We’re pleased to introduce BLR’s Sexual Harassment Essentials Kit. It’s all you need to create and implement a program, in one instantly available — and remarkably affordable — download package. Your satisfaction is 100 percent guaranteed.

The kit includes:

  • National compliance analysis
  • State-by-state compliance analysis
  • 4 sample sexual harassment policies
  • Sample harassment complaint form
  • 2 sexual harassment checklists
  • 2 sets of PowerPoint presentation slides with leader’s notes (one for employees and one for supervisors)
  • Quizzes for each PowerPoint
  • Training exercises for each PowerPoint
  • Handouts for each PowerPoint

Written in the plain-English, non-legalese style that has won us multiple awards… and thousands of satisfied customers. And it’s instantly downloadable in PDF format! No shipping cost or wait for delivery.

Order your copy today.

Download your free copy of How To Survive an Employee Lawsuit: 10 Tips for Success today!

SHARE THIS ARTICLE

1 Comment

Share Your Comments on This Tip

If you have comments about this tip and want to post them on this page to share your thoughts with other California Employer Daily readers, simply enter your comments below. NOTE: Your name will appear on any comments posted.

Your email address will not be published. Required fields are marked *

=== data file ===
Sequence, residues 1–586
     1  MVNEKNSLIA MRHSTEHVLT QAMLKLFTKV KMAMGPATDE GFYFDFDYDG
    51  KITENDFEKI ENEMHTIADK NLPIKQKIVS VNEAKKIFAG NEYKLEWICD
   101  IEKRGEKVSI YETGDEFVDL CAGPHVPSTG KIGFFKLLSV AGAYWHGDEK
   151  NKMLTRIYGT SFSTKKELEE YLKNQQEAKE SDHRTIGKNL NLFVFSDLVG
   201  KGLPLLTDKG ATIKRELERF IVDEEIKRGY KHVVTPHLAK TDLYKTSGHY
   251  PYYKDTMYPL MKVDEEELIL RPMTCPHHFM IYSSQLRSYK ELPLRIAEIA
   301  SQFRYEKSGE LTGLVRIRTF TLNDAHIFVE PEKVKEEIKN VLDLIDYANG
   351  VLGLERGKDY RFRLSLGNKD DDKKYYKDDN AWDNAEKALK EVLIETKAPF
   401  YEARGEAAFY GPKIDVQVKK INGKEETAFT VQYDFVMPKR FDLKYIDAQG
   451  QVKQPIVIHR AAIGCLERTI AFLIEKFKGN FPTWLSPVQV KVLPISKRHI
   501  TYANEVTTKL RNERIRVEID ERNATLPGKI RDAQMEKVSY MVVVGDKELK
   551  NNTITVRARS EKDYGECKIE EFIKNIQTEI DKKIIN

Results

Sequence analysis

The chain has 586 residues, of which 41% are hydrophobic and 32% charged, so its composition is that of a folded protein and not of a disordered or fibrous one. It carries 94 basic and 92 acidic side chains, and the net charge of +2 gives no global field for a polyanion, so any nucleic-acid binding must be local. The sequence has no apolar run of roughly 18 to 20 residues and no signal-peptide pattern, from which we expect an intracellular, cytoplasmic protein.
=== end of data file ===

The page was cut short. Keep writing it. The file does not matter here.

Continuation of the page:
1. Chris C        
    May 17, 2011 7:21 am

    I think that one of the most important but overlooked issues with supervisor-subordinate relationships lies in this statement from the article: “In this scenario, co-workers will tend to believe that the subordinate in a relationship with the boss is getting special treatment.” Unfortunately, even if the participants in the relationship are doing everything right, separating working relationship from romance, etc., a perceived notion of unfairness or preferential treatment can persist. I even recall a court case where female co-workers of a subordinate male (in a relationship with a female supervisor) sued the employer because the male received preferential treatment based on sex. (I don’t think they won, but who needs similar trouble?)

    The point being that there are variables outside of the control of the supervisor and subordinate who are in such a relationship, which is why its hard to argue against the idea that one should be transferred to another department if they are going to date.

  2. Chris C        
    May 17, 2011 7:21 am

    I think that one of the most important but overlooked issues with supervisor-subordinate relationships lies in this statement from the article: “In this scenario, co-workers will tend to believe that the subordinate in a relationship with the boss is getting special treatment.” Unfortunately, even if the participants in the relationship are doing everything right, separating working relationship from romance, etc., a perceived notion of unfairness or preferential treatment can persist. I even recall a court case where female co-workers of a subordinate male (in a relationship with a female supervisor) sued the employer because the male received preferential treatment based on sex. (I don’t think they won, but who needs similar trouble?)

    The point being that there are variables outside of the control of the supervisor and subordinate who are in such a relationship, which is why its hard to argue against the idea that one should be transferred to another department if they are going to date.